Nutrition Notes

Collagen: A Clinical Look at Hair and Skin Health

The skin is composed of three layers: epidermis, dermis, and hypodermis. The dermis is the largest of the three skin layers and contains a high amount of collagen. During the aging process or exposure to certain environmental factors including UV light, the skin’s collagen structure may degrade or accumulate abnormally. This may also involve reduced elasticity, deterioration of fibroblast number or function, dermal thinning, and decreases in collagen production. Changes in the hydration of the epidermis and increased vulnerability to damage may also occur.

In laboratory and animal studies, collagen has been shown to influence several proteins related to skin and cellular health. These include IGF-1, VEGF, krt27, Gprc5d, and Ki67. Collagen has also been shown to upregulate Wnt/β-catenin pathways, which are involved in hair follicle cell differentiation, reproduction, and the differentiation of stem cells into hair follicles. Collagen and its fragments have also been shown to induce the differentiation of regulatory T cells and M2 macrophages that contribute to increased skin turnover and healthy tissue remodeling

A randomized clinical trial reported improvements in collagen fiber appearance and significant improvements in parameters related to photoaging (the echogenicity of the dermis) in individuals receiving 500 mg of hydrolyzed collagen daily for 3 months. An 8-week clinical study involving 50 participants reported improvements in certain parameters related to skin hydration, brightness, and eye wrinkles. 

A systematic review and meta-analysis by Pu and colleagues amalgamated data from 26 randomized controlled trials involving over 1700 individuals to investigate the efficacy of hydrolyzed collagen supplementation. The studies lasted between 2 and 12 weeks. Overall, the authors reported significant improvements in skin hydration and elasticity when compared to placebo. Improvements were found to depend on the duration of supplementation and the source of collagen. Bovine-sourced collagen was among those with better outcomes; collagen sourced from chicken was the least efficacious. An animal study exploring the effect of bovine-sourced collagen peptides in aged mice reported increases in skin collagen content and improvements in skin laxity and the ratio of type I to type III collagen.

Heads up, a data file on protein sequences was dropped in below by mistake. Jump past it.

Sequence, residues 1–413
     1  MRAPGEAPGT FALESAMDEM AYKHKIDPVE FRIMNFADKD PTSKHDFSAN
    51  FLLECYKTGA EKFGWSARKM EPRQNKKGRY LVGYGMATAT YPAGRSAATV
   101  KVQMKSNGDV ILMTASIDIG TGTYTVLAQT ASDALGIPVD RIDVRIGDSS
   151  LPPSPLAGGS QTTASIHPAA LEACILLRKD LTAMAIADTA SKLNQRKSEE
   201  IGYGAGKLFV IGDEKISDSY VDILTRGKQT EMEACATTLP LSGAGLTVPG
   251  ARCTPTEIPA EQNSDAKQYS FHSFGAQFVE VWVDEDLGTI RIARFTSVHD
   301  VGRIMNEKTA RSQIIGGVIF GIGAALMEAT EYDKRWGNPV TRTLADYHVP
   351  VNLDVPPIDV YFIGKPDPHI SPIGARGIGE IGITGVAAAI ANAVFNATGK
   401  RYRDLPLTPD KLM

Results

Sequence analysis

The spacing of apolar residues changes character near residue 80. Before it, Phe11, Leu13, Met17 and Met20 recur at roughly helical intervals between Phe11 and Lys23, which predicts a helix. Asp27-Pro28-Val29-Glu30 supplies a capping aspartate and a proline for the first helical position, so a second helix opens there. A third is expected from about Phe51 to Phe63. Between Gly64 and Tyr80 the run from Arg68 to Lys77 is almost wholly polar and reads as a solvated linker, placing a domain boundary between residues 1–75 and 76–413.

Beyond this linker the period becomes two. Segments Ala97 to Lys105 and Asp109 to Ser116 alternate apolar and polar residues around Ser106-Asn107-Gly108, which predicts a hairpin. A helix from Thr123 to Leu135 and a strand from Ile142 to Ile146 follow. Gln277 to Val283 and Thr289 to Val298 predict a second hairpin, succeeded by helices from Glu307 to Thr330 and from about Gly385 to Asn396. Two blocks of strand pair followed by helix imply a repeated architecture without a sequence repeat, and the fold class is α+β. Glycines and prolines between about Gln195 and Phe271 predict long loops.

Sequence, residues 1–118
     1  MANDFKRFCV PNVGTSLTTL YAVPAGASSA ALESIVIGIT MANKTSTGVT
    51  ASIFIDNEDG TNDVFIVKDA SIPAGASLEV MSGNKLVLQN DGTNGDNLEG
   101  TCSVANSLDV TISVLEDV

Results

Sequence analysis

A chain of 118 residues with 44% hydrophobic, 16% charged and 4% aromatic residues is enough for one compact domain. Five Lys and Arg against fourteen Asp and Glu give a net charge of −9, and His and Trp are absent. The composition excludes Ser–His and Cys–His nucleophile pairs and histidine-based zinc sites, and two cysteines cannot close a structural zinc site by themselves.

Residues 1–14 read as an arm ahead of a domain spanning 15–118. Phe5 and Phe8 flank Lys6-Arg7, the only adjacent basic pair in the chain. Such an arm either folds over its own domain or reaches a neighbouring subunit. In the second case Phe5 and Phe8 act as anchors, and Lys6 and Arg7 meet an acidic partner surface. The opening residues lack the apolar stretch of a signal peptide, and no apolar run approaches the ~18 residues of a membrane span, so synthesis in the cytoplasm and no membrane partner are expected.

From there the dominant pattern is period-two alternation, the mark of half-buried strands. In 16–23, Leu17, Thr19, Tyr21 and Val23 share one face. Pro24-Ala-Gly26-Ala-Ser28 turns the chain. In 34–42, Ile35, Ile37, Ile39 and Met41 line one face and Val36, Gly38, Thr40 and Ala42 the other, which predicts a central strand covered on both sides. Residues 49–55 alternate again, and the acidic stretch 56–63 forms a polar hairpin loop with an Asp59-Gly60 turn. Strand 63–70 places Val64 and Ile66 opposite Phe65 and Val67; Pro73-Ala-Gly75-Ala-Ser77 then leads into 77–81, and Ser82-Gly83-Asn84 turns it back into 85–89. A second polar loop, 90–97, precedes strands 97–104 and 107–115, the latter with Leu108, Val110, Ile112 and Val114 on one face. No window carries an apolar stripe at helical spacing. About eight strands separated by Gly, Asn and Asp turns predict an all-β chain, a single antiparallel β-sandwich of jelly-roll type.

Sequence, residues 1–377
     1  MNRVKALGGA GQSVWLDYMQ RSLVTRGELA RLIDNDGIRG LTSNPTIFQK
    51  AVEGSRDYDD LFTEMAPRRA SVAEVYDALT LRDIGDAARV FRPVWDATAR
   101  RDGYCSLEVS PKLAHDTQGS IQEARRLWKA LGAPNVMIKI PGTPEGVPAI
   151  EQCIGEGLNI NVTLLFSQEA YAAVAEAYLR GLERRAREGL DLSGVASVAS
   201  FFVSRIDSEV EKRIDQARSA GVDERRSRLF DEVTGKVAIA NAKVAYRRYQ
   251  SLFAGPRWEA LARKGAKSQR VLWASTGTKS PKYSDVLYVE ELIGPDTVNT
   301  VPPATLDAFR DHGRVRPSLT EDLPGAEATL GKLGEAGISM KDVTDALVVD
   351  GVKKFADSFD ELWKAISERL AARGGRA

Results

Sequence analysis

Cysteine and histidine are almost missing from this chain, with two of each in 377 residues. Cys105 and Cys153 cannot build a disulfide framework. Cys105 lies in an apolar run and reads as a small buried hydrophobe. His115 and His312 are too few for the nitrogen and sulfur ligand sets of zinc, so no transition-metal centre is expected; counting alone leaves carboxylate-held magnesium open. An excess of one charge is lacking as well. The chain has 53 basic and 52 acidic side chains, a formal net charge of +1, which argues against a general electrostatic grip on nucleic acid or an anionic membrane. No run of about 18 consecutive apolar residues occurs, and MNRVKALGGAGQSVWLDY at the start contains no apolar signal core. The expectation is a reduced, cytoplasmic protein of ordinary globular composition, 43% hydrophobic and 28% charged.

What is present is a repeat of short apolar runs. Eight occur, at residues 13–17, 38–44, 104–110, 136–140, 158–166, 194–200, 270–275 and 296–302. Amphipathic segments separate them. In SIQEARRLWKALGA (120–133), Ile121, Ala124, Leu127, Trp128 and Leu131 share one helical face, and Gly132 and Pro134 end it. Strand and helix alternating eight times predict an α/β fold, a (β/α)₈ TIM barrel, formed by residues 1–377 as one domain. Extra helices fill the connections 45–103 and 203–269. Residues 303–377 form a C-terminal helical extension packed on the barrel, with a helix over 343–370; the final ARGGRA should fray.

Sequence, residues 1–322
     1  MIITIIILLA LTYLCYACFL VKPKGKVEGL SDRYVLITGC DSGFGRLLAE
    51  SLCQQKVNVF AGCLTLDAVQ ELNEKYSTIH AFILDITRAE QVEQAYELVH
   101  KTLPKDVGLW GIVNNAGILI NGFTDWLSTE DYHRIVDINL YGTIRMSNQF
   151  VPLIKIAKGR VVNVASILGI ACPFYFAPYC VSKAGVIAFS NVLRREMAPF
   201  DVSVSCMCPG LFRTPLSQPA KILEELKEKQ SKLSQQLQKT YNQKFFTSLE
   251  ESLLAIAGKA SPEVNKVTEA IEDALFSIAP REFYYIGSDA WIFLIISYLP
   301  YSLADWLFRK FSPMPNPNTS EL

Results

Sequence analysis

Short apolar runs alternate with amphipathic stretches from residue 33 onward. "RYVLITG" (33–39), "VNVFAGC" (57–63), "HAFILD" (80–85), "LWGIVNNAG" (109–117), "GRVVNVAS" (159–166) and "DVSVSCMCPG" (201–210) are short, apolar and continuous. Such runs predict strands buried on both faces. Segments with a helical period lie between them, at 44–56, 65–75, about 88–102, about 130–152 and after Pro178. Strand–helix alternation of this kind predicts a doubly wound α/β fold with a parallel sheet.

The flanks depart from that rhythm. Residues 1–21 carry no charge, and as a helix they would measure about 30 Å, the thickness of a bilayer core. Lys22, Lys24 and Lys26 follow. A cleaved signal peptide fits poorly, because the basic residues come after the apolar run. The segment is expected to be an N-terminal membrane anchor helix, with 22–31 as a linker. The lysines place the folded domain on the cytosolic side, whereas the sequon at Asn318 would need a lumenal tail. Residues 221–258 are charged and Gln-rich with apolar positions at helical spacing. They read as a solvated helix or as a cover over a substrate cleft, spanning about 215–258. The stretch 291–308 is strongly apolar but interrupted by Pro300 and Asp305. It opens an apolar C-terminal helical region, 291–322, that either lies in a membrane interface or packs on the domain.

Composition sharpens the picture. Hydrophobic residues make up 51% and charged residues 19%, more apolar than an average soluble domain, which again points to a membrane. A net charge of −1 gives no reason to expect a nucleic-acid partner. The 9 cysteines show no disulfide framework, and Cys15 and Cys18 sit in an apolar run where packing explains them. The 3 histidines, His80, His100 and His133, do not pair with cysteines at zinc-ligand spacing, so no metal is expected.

Supplementation with collagen may also help support certain aspects of musculoskeletal health. A randomized, double-blind clinical trial explored the potential efficacy of supplementation with collagen peptides in postmenopausal women. The treatment group received 5 g of collagen daily for 48 weeks. Improvements in certain markers related to bone integrity and formation were noted. Several other clinical studies, conducted in both young and elderly adults, have reported improvements in muscle strength, muscle mass, and proteins related to contractile fibers.

While more research is needed, particularly in the clinical setting, evidence suggests that collagen may help support healthy aging. It may also help promote skin, hair, and musculoskeletal health. Dietary sources of collagen include bone broth, gelatin, and certain meats.

By Dr. Cory Ambrose, ND, MAT